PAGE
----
The nursing shortage is not just about demographics, younger nurses entering the profession often leave faster than the older nurse because younger women have been socialized to not put up with such behaviour as much as the older of us. Studies have borne this out as well.
    I wish to hell I had chosen another profession. Go back to school? How? I work nights have a schedule that always changes for the needs of the unit, not my needs. Children in college that has to be paid for, a husband also taking classes so he does not have to rely on factory work that is rapidly becoming extinct. So what does one do? Hold on, hope like hell you can retire before you have an injury, get that paycheck and pay the bills. And hopefully find those few and far between nuggets that can make nursing rewarding so you can get up and do it again.
  23. I am happy that you are getting out. I hope I can soon get out too. I am so depressed. I have been a nurse over 5 years and I absolutly hate my job. Like you I have been on many different floors and I still hate it. I am even starting to hate people unless I know them. I do not like socialize and making new friends because I am so depressed from being a nurse.
    I treat my patients kindly and always help the new nurses out but I am at my wits end. I physically and mentally can not do this any longer. I hate that I have wasted my life in this profession. I tell my children almost everyday they can not become a nurse.

    Good Luck to you. I hope you find true happiness.
  24. After 5 years as an educator and twenty as a bio-informatics recruiter, I have recently "retired" to become a coach and trainer in order to help Nurses look at many options before "jumping from the frying pan into the fire". Coaches hourly rates are not cheap, but neither are the costs you could incure as a result of burn-out or of making yet another unacceptable career move. Please, at least consider hiring a coach to get you through the process.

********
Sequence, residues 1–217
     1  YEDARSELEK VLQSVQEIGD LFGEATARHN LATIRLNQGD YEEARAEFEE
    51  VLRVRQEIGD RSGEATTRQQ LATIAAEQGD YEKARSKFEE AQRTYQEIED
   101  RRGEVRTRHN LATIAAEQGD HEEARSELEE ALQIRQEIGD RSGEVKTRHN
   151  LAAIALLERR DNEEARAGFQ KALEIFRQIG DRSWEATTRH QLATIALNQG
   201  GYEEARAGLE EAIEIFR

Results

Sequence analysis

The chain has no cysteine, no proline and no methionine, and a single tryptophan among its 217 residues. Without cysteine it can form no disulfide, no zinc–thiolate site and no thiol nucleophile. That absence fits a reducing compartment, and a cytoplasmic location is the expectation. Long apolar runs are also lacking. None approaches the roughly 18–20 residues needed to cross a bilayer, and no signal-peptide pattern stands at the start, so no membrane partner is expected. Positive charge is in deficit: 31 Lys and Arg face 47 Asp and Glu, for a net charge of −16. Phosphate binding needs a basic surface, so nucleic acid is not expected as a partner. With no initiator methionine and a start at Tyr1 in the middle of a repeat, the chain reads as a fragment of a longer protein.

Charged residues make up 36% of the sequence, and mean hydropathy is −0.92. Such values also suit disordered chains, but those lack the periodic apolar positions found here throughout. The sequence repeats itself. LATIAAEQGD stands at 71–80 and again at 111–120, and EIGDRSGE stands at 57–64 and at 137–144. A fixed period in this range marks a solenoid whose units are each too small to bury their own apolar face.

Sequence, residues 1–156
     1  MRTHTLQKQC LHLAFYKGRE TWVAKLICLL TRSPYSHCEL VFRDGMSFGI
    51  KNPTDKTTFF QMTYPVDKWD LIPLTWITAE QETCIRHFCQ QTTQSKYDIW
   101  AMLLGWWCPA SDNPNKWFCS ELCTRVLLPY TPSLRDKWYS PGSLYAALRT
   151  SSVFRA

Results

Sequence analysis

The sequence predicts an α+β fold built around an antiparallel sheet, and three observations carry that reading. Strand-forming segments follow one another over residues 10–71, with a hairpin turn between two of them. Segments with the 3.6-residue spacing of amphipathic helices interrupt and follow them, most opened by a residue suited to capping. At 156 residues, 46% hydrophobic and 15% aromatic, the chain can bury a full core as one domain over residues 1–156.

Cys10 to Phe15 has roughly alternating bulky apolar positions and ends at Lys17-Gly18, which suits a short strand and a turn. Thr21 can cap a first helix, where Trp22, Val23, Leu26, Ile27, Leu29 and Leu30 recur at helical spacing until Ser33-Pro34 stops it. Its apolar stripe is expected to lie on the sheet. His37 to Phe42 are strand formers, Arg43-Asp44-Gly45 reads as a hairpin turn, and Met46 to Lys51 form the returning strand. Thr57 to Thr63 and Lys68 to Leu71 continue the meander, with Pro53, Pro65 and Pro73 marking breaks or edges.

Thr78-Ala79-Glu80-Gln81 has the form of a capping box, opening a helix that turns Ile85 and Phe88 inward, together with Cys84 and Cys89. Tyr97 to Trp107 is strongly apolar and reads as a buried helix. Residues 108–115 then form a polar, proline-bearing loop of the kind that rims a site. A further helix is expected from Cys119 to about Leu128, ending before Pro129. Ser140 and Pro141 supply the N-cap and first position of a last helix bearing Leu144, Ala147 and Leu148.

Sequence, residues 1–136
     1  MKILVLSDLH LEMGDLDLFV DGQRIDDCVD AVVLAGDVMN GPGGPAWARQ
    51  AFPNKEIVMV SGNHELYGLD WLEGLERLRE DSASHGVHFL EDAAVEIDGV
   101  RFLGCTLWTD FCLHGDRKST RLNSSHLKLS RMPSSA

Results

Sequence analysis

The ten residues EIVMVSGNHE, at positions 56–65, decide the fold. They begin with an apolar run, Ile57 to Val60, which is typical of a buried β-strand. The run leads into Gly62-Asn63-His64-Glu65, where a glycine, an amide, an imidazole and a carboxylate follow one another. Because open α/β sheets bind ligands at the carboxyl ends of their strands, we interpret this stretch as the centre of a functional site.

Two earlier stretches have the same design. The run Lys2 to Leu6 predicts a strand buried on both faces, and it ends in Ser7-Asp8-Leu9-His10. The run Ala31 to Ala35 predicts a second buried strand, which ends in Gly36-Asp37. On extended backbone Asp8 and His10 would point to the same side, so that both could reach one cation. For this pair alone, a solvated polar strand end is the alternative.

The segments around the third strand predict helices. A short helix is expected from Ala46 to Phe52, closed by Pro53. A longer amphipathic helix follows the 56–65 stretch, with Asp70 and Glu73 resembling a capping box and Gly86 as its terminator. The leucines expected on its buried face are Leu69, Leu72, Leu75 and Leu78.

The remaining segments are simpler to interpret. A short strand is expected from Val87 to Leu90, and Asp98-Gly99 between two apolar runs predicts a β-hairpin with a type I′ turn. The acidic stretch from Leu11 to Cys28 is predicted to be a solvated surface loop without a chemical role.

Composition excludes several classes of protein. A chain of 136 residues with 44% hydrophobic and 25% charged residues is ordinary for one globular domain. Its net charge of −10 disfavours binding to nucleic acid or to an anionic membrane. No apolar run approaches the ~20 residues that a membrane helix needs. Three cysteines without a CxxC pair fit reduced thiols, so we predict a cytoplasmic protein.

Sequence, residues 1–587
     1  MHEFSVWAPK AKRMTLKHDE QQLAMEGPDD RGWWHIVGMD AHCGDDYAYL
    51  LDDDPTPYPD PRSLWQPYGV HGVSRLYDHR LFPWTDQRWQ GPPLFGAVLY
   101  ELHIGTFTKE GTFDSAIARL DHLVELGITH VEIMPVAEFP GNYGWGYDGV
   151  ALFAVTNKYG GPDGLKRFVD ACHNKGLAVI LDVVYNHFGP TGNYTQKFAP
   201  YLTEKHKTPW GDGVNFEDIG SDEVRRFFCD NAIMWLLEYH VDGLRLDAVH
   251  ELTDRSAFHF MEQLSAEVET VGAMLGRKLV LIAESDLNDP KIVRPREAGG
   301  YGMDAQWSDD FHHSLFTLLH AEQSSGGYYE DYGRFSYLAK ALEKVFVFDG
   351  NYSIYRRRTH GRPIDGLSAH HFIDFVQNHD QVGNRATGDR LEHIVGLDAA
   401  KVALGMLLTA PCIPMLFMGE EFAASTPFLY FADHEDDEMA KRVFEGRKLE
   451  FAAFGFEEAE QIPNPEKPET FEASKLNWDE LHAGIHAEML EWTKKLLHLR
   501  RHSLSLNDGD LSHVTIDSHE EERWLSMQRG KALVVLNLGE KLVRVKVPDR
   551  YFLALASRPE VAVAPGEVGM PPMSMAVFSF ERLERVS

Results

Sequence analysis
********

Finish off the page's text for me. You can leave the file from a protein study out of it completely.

25. I am still a nurse and working as a nurse and also teaching, it is working. And for u missy, I have always hated that name--DIT u!!
  26. u must be a nurse. Thanks for all u added, sounds like who needs a life???
  27. I am currently a teacher who is career changing to nursing. I don't want to burst your bubble but teaching is the worst job there is. no pay, no respect, no support, crazy kids and even crazier parents. There are + liek summers off and holidays but its sooo stressful and you are worn thin- too much to do not enough time and not enough focus on what the kids need only what admin. thinks the kids need- think twice and good luck!!!!
  28. I hate to tell this to you but I am a teacher and the schedule is horrible. I do not coach or anything but I put in about 55-60 hours per week. The work NEVER ends, many nights I am up until midnight doing lesson plans, grading and writing letters to parents. My husband calls himself a "teacher widower" because I have no time for the poor man. I am getting out, if not for me but to save my marriage and my sanity. You will be in for a very, very harsh reality.
  29. I AM ALSO THINKING ABOUT LEAVING NURSING. iT IS SO STRESSFUSLL FROM THE PEOPLE YOU WORK WITH TO THE PATIENTS AND THEIR FAMILY MEMBERS. I desperately need another career, I have only been doing this for 2 years and I am proudly ready to say I quit!. The only thing is I need to replace my income pretty quickly as I have a family and bills to pay. this job has been putting a great strain on my marriage. Iam always stressed out and tired, and quite frankly I am tired of being treated like the maid by patients and their family members, looking to sue hospitals. I am thinking of a new career where I won't have to spend alot of time in school. Iam even trying to think of a business i can start, any suggestions?. You know it is really sad that patients don't realize that the worse they treat nurses and medical professionals the less there will be to take care of them. The projected nursing shortage is going to get alot worse!!.